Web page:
How Can I Make Working at Home Suck Less?

How to make work from home suck less.
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The idea of working from home is usually pretty exciting for most people and probably was for you too. However, sometimes you might quickly realize that it’s not as glamorous as you had hoped. 

Although I love working from home, I also am aware that not everyone will have the same feeling as me. And with more companies going fully remote or having flexible options, you might currently be getting a bit stir crazy at home.

If you are on this post, then you probably are feeling that remote work is challenging, lonely, or you are feeling a bit unmotivated. Don’t worry this is common for all remote workers at some point during their work from home career. 

So how can you make working at home suck less? Below are a few tips to help you be more energized when working remotely and find it more bearable.

Tips to Make Working At Home Suck Less

Here are a few tips that you can try and apply to your remote work situation. It’s easy to get into a rut while working from home, but there are ways to make the experience much better.

1. Create a unique space for your work

What is one of the most interesting aspects when working from home, in my opinion? Getting to create your own workspace! 

Everyone has different living arrangements that can make creating a home office easier than others. But either way, try to make the space you’re working from comfy, productive, and inspiring.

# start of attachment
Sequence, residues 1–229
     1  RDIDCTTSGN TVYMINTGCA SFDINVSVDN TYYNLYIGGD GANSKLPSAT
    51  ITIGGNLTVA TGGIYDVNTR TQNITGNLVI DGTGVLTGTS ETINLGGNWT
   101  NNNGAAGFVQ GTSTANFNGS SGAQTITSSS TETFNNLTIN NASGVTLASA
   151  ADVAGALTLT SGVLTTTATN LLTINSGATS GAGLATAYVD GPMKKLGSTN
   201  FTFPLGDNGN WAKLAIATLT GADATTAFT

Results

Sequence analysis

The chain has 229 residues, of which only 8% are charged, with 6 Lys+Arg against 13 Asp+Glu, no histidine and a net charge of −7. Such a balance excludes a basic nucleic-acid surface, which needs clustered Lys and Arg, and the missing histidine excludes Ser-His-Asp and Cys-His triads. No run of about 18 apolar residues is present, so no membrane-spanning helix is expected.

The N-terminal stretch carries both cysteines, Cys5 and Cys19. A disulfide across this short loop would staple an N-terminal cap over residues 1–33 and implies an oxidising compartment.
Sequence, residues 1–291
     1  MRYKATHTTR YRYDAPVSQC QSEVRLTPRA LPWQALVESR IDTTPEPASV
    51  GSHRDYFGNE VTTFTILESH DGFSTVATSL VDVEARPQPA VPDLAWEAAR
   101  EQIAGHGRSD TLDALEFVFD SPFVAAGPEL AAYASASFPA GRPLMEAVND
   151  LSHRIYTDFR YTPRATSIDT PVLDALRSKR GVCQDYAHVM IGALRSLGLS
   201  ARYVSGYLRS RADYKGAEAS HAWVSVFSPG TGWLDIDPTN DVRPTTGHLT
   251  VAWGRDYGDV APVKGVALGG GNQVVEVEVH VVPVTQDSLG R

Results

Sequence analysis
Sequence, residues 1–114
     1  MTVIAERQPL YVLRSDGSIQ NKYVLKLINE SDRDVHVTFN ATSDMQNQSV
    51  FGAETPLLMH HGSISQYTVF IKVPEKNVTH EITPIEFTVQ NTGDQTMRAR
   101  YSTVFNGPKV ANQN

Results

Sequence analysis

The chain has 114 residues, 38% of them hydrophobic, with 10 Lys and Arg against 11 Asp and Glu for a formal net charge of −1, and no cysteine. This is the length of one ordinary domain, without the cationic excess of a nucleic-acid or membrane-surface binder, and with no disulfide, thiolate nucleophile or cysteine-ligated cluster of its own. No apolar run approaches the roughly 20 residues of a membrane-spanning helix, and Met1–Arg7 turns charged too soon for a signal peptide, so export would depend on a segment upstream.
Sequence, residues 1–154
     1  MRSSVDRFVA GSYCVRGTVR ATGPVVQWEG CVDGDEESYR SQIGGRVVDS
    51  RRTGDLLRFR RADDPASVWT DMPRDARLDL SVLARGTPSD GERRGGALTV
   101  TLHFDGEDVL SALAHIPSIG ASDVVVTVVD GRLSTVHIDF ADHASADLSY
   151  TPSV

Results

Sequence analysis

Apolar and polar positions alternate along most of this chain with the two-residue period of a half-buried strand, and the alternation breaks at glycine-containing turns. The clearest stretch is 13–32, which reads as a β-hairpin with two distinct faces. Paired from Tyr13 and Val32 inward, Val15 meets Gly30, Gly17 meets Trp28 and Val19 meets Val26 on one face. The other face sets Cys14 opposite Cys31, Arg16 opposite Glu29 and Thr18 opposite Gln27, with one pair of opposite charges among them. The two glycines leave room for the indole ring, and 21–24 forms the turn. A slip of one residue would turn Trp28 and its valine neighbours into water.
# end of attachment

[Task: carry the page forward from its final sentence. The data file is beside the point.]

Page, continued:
I currently have a dedicated space in the living room that has things that interest me. For example, I have some of my favorite books accessible, plants on my desk, posters and pictures from my travels, speakers for music, etc. 

To me, this helps it feel like a creative space. Plus if I need to take a break, I can grab my favorite book, get inspired by past travels, or kick back and listen to some music. 

2. Schedule more social interactions

One of the challenges for most remote workers is the tendency to feel isolated or lonely. There are numerous studies and data points around this topic, but here are two worth noting: 

  • In Wellbeing at Work, Gallup’s Jim Clifton and Jim Harter highlight that around 25% of Americans report feeling loneliness for much of their day. (Forbes)
  • In its Loneliness and the Workplace Report, Cigna indicates that 60% of Americans report feeling lonely at work. (Cigna)

When you are working from home, social interactions can dwindle. You no longer have lunches with co-workers, quick breaks to catch up, a random office drop by, etc. 

But there are a few things you can do to ensure that loneliness doesn’t creep up so often.

  • Schedule more frequent virtual chats or lunches with co-workers. You can do this via Slack, Zoom, or even give them a call via phone if you have their number.
  • Join a co-working space to be surrounded by others (ask if your employer already has access to some or if you can expense it if you join one).
  • Make after-work plans with friends or family on various occasions. It’s a great way to unwind and connect socially after your workday. 
  • Change up your scenery. Work from a coffee shop if it has decent WiFi, work outside, or go where you’ll be surrounded by other people. That social energy alone can be a game-changer to your remote work routine.

These are just a few ideas, but you get the idea. The goal is to get more of that human connection as you can, so you don’t frequently feel lonely while working from home.

3. Set reminders to get moving 

One reason working from home can suck is you forget to get moving. What do I mean by this? Well, this could be going for walks, working out, stretching – anything to get your body limber and moving.